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Giving Household Items Within Your Community


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A man giving a pot to a woman at the door.I am active in my local Buy Nothing group, where members gift furniture, clothing and other useful items to people in their local area. It is run on a Facebook page for my neighborhood, an area is a mile or so wide, bounded by the major streets. There are several different Buy Nothing neighborhoods in my city. This allows the members to be sure they are giving and receiving to their own neighbors, making pickups easy and bringing local communities together.

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The Buy Nothing Project was started in Bainbridge, WA in 2013. It has spread across the U.S. and is now operating in 44 countries worldwide. It is an old idea with a new spin, a gift economy. Here is the description from their website.

"Buy Nothing Project rules are simple: Post anything you would live to give away, lend or share amongst neighbors. Ask for anything you would like to receive for free or borrow. Keep it legal. No hate speech. No buying or selling, no trades or bartering, we're strictly a gift economy.

I joined in the spring and quickly got rid of a few things that had been taking up space; an old Keurig, a new pressure cooker and a dress from my closet when someone asked for maternity clothes. If I saw something I liked or could use, I put my name in the hat. So far, I have gotten a small chest freezer that works perfectly, a large china cabinet with sliding glass doors, great seats to a Portland Timbers game, two sturdy wooden dressers and a variety of clothing and home decor items. It has saved me money and has given me a connection to many of the people who live just blocks from me. I've seen lots of produce this fall; tomatoes, apples, canned salsa, herbs. Sometimes, I see other food items; an extra pizza, something purchased by mistake, even half a sandwich or part of a cake. Nothing seems to go to waste.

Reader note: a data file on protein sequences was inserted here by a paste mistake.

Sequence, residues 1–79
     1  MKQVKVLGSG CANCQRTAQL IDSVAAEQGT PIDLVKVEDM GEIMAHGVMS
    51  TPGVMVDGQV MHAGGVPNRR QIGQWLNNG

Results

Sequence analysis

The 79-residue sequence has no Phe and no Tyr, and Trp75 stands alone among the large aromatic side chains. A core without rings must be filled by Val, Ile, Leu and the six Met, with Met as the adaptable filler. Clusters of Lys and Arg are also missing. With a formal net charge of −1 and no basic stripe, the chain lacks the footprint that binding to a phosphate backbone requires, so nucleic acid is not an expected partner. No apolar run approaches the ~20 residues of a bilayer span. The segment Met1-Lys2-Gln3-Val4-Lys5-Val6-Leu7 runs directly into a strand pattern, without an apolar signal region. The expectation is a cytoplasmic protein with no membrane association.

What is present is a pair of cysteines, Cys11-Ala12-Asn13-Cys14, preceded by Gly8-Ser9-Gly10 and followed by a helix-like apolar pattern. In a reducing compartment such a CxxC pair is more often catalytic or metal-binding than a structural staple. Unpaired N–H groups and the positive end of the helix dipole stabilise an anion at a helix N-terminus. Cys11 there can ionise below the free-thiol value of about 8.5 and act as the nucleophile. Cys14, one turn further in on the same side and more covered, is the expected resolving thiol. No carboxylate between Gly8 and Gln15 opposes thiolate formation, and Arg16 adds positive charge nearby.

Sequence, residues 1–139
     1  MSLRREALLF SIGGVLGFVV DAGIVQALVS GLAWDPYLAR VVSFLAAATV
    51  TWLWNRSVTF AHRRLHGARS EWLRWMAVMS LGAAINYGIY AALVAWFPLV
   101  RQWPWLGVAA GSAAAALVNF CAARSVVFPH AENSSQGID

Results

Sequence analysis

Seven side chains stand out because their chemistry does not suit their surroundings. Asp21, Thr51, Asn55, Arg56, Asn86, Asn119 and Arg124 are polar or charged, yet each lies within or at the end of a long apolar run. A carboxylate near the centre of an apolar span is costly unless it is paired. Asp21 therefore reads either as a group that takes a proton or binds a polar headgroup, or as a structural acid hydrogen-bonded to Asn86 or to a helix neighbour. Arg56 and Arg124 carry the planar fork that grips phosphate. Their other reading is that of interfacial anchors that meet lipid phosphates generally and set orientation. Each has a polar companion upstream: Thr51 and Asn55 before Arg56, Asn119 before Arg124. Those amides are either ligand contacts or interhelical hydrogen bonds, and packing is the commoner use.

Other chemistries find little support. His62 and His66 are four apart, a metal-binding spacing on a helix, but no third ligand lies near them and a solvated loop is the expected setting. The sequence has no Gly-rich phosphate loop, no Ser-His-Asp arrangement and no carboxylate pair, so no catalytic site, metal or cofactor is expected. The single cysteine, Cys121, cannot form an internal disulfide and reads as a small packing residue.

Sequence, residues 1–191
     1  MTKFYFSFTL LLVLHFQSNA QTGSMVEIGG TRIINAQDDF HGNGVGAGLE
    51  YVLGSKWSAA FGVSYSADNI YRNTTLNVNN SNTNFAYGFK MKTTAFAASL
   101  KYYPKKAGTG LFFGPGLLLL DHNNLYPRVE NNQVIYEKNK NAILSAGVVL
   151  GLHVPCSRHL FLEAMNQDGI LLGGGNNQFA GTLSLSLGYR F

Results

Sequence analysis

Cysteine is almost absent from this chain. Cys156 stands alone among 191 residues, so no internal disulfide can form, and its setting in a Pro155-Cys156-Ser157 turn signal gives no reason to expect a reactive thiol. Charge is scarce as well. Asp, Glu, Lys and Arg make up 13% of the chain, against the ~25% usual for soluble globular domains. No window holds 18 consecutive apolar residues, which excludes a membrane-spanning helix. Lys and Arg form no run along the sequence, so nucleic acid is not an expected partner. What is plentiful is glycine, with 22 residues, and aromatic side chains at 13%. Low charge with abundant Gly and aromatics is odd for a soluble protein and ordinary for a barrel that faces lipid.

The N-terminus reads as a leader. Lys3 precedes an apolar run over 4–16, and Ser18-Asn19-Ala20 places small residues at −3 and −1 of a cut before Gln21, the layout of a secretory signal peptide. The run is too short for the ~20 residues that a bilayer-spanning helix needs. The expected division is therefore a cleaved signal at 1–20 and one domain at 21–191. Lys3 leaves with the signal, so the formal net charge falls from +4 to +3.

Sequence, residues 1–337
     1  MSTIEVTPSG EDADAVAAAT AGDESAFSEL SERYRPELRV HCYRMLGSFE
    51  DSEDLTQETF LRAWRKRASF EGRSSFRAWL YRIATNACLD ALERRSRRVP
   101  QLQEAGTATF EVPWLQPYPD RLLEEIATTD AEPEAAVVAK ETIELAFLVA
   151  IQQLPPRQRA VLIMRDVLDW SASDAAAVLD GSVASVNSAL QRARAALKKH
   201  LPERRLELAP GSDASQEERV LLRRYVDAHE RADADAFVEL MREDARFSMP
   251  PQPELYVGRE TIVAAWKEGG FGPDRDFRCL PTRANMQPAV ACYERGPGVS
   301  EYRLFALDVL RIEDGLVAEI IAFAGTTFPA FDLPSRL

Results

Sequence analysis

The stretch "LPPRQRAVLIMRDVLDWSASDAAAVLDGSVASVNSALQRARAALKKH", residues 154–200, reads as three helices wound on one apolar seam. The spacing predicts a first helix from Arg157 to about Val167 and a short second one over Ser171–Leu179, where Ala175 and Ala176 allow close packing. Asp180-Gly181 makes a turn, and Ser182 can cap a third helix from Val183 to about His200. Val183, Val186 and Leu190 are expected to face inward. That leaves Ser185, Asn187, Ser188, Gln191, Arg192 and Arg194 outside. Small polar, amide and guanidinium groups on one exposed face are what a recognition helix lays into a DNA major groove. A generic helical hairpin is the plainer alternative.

My son moved into his own place this summer, leaving a room full of things he no longer wanted. I took photos and posted the toys, games and old furniture he had left behind. Anything that didn't get a bid, I put in a bag for the Goodwill. I have always donated things like this but it is so much more satisfying to know it is going to an individual who will appreciate it rather than in one of the sorting center bins.

If you have a Facebook membership, I would recommend seeing if you have a Buy Nothing group in your area. If you are not on Facebook, there are some other sites that do a similar thing. Freecycle has pages for specific cities, although membership is not limited to just your neighbors. Craigslist's free section is another example. And many garage sales will give away whatever is left on Sunday afternoon before hauling it away to be donated. Even if you don't have a specific group in your area, always let your friends and family know if you have something you need or would like to gift to someone else.

Link: https://buynothingproject.org/

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